This last week we have been treated to the spectacle that was the Queen's Diamond Jubilee celebration, enacted in various locations under the inevitable and all too British canopy of the grey drizzle of a London summer day. As – I must confess – one who can't quite see the point of a monarchy, let alone a foreign one, there were some aspects I found bemusing, not least the quasi-religious language of the whole thing. And yet – there is certainly much to thank God for in the long reign of Queen Elizabeth, for her long faithfulness through decades of war and peace, and for the attitude of humble service to nation and Commonwealth that she so clearly displays.
Clearly on display, also, was the relationship between the English Church and the Crown – a relationship that is grounded in the history of the Church of England as the Church established by Parliament with the monarch as its head. For Australian Anglicans this can be a little difficult to understand, since our own relationship with the symbols and institutions of government is thankfully less explicit. But it does perhaps lead us to reflect on the ways in which politics and faith intersect, both in the life of the nation and in the life of the Church.
In our first reading this morning, Samuel the aging prophet is under pressure. The people are tired of theocracy – which is to say a society led by priests, and who can blame them? – and they want a proper fair dinkum secular government, a king like all the nations around them have. Samuel has been a reformer - since replacing the corrupt leadership of Eli with his odious sons all those years ago, Samuel has epitomised the faithful self-giving service that should be representative of clergy everywhere. But the people want a king.
This is not quite democracy, of course, and Samuel rather labours the point, describing for them in laborious detail the self-serving and autocratic ways of kings, and reminding them gently that kings like to go to war, and that the ones who ultimately pay the price of that – are the people. But God and Samuel give in gracefully, and the kingship settles on Saul – who of course wonderfully fulfils all Samuel's predictions.
I promised myself as I sat down to write this sermon that it would be my shortest ever, since we today are engaged in the business of selecting our own government for the year ahead, and so it shall. We Anglicans, with the complicated structure of our relationships between Church Councils and parish priests, Synods and bishops, of all people should get the irony of the chequered political history of ancient Israel -as king after king is consecrated, gets seduced by his own power and the dangerous game of international politics, and governs as well as he can with the clergy sniping at him from the sidelines. Even the great king David goes off the rails, which shows how quickly things can go bad when our political games become self-serving. David fails at his main ambition, the building of a world-class Temple, a job which needs to be finished by his son Solomon, a lesser king but a cleverer politician. The worst king of the lot is the last one, King Manassah, who gets the blame in the Book of Kings for the defeat by Babylon and the long period of exile.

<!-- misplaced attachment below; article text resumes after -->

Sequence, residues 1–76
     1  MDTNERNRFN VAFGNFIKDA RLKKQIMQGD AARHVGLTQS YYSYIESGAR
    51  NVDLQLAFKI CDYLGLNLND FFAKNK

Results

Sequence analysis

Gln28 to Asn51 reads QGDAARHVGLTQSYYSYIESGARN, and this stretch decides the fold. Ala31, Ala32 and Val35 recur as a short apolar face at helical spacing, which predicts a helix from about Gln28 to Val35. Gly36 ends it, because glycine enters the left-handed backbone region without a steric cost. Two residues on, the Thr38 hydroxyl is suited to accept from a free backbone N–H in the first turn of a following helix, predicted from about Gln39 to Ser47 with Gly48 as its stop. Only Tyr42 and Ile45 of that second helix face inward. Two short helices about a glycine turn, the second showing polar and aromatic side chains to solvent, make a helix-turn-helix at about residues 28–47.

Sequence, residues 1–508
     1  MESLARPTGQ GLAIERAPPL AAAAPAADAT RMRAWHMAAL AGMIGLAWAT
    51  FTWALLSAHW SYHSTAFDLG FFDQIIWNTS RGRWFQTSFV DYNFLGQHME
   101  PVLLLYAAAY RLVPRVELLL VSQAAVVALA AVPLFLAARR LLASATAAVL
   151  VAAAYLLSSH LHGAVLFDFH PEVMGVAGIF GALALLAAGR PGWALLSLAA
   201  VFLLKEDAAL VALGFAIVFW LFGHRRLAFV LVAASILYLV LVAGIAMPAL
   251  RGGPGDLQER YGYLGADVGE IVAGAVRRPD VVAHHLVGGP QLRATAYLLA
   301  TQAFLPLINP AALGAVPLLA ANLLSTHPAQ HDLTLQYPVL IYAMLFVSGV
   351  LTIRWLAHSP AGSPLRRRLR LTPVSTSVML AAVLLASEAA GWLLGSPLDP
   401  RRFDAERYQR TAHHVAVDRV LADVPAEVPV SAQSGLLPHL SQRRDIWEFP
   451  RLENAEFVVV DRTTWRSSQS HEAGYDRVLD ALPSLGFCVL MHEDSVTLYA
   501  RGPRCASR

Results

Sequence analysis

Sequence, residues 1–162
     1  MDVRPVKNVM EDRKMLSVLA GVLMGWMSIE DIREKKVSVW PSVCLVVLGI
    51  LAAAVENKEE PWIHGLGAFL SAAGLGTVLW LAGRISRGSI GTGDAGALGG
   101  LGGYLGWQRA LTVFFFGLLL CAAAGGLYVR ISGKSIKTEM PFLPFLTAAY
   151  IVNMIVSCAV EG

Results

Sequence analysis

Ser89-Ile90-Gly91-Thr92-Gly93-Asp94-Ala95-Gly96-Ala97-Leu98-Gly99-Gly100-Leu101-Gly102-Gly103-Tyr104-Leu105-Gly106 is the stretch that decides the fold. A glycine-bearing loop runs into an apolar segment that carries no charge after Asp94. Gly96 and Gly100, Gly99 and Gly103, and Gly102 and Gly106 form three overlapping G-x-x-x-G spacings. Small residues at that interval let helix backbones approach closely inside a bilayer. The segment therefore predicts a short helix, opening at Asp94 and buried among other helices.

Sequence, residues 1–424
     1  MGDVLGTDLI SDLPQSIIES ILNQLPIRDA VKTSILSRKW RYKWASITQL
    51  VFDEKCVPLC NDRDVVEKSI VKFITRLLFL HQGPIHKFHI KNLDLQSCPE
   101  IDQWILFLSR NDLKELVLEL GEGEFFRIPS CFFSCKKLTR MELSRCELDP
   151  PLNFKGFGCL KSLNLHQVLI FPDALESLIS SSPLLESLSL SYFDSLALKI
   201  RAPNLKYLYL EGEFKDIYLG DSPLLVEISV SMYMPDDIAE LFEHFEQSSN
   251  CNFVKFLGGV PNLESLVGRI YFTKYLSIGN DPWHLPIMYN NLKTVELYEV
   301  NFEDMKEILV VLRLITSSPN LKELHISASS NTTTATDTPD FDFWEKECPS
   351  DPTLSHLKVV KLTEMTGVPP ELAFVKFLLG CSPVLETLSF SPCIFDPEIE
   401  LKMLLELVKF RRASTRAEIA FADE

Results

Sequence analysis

Who'd be a king? At the risk of making it sound a bit grander than it is, who'd be a warden? Or a member of Church Council? You couldn't pay me enough, except – oh wait – they don't get paid, do they?
Like Israel, the Church lives in the real world where building projects get stalled, where external circumstances need to be negotiated and where dollars count. We need good government, we even need the complicated relationship and occasional tension between clergy and lay leaders. We need men and women who understand leadership as faithful and self-giving service, who know that to lead means to learn and to grow, to listen and reflect in community. As we are currently faced with the opportunities and challenges of a major parish development project we need men and women with intelligence and competence, and the grace of humility. It's a tall order, actually, but it's just us. The men and women we need are here, already among us, and it is by God's leading, and God's grace, that the gifts of leadership emerge within us as we serve together.
When Samuel prays for guidance in today's reading, God explains – perhaps a trifle peevishly – 'it's not you who the people are rejecting as king, it's me'. And this of course is the crux of it. Our institutions of governance – whether the Synod of the Diocese or the Council of a parish church – are as good as our awareness that it is the Holy Spirit of God who leads and inspires us, God's priorities that challenge us and the mission of the Gospel of Jesus Christ that is our ultimate and only goal.